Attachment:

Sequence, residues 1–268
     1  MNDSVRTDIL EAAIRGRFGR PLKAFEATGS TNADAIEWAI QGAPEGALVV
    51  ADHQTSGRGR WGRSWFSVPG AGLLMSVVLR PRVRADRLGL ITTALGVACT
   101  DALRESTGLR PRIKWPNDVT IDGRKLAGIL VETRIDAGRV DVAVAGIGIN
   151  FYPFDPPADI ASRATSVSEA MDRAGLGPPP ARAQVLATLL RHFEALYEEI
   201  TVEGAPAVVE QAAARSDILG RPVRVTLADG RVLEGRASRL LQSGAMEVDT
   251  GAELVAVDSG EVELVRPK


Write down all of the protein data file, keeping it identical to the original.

Sequence, residues 1–268
     1  MNDSVRTDIL EAAIRGRFGR PLKAFEATGS TNADAIEWAI QGAPEGALVV
    51  ADHQTSGRGR WGRSWFSVPG AGLLMSVVLR PRVRADRLGL ITTALGVACT
   101  DALRESTGLR PRIKWPNDVT IDGRKLAGIL VETRIDAGRV DVAVAGIGIN
   151  FYPFDPPADI ASRATSVSEA MDRAGLGPPP ARAQVLATLL RHFEALYEEI
   201  TVEGAPAVVE QAAARSDILG RPVRVTLADG RVLEGRASRL LQSGAMEVDT
   251  GAELVAVDSG EVELVRPK